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Trouble for Louie the Fly

  • Visual inspection
  • Briefing
  • Donning of the suits
  • Entering the derobing station
  • Removal of drum
  • Decon shower
  • Wash off
  • Wash off

By: Rayleigh Vandermost

Category: Incidents - Vehicle / Rescue / Hazmat

  12.21 PM 14 November, 2012

Location: District 5 News

Views: 2502

The CFA was called to an incident at Cavendish in South West Victoria yesterday (13.11.12), to attend a reported chemical spill.

A rusting drum in a storage shed on the property was found to be leaking.  Staff attempted to clean up the leak but stopped after being affected by strong fumes. The drum of Diazinon Liquid had not been used in years and although less than 20 Litres had escaped, it was certainly cause for alarm. The property manager followed correct safety procedures and called for CFA assistance.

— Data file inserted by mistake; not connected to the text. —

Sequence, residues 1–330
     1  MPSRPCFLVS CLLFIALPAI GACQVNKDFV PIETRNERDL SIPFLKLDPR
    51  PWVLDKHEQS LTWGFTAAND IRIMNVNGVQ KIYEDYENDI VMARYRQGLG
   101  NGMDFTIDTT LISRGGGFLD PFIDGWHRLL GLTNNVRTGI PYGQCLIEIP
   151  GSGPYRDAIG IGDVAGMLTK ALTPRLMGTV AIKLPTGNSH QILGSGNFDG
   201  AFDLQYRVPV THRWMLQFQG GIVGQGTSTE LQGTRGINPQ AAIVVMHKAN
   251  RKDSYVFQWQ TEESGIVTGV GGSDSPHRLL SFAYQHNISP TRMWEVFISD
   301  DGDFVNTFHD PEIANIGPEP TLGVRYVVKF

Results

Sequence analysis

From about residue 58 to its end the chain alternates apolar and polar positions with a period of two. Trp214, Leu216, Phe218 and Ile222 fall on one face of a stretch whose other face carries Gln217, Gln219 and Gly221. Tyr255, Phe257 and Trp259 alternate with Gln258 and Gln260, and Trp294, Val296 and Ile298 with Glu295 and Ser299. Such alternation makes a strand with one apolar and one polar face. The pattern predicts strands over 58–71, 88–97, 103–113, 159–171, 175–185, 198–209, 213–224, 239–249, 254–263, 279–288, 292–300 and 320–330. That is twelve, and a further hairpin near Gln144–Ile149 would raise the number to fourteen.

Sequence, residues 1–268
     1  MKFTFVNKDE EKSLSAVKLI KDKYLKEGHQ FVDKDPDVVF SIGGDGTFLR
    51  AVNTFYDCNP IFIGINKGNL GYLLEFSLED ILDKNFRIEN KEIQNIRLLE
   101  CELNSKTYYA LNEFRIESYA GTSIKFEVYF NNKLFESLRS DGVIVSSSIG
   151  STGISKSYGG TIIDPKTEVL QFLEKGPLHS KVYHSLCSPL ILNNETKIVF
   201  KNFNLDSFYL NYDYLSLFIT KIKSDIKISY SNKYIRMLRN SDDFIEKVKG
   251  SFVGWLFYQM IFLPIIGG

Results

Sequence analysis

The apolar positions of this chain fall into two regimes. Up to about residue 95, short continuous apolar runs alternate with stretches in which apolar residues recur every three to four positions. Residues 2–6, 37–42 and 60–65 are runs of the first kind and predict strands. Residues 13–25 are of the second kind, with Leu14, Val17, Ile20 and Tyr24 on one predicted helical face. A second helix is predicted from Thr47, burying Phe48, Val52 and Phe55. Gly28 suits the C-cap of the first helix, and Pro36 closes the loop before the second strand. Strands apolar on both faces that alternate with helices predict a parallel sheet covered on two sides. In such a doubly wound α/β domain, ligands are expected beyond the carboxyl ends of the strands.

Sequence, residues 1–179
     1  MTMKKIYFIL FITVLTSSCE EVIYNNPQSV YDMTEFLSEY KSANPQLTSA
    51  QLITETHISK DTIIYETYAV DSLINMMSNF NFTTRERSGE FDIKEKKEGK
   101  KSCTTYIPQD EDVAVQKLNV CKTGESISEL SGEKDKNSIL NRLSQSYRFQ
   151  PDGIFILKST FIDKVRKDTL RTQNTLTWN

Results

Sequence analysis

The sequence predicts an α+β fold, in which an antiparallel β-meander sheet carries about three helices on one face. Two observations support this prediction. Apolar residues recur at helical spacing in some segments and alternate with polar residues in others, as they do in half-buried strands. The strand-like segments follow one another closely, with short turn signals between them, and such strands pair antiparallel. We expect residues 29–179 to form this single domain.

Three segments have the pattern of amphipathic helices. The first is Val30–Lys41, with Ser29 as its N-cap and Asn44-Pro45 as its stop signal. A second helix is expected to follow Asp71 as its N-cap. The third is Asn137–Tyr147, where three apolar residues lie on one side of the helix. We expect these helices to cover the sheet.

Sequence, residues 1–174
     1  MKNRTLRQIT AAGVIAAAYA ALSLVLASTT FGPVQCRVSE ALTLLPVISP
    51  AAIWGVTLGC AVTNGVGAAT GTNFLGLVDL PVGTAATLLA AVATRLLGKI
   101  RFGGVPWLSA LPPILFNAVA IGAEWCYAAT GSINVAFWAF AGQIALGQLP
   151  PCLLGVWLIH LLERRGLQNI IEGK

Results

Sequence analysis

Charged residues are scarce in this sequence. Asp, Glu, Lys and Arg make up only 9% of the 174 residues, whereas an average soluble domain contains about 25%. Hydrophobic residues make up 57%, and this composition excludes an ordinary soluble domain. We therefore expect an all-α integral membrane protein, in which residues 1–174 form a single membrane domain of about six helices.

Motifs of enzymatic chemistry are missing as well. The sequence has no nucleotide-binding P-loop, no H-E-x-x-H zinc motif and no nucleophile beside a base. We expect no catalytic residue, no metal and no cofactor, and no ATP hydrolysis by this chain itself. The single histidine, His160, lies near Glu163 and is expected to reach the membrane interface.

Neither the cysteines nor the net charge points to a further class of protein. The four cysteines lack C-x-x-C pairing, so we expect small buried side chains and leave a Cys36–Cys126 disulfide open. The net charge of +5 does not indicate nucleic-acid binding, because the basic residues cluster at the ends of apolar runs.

Staff were able to provide details of the chemical drum and contents which greatly assisted in properly identifying the actual chemical compound involved. The initial response brigade, Cavendish Fire Brigade, recognised the hazardous situation and proceeded with caution. Assistance was sought from Hamilton Fire Brigade, the closest HAZMAT response brigade.  

Once on scene, Hamilton established that extra manpower and equipment was required and requested Warrnambool Fire Brigade to attend.

Diazinon is an organophosphate insecticide, it is a very toxic chemical. Due to extensive planning and consultation with the EPA, chemical manufacturer and the CFA Scientific Officer, significant time was spent on scene planning the response.  Although the incident took some five hours, the containment of the drum and nearby contaminated soil did not take long.

Volunteers, staff and appliances from Cavendish, Bulart, Hamilton and Warrnambool fire brigades attended the scene, in addition to the specialist HAZMAT vehicles from Hamilton and Warrnambool brigades.

The extensive training undertaken by HAZMAT brigades helps us to prepare, act and survive such hazardous incidents.

The incident was handed back to the Property Manager who had engaged the services of an accredited removal firm to deal with other contaminated soil and the contents of the HAZMAT dam and the incident was deemed SAFE.

Last Updated: 14 November 2012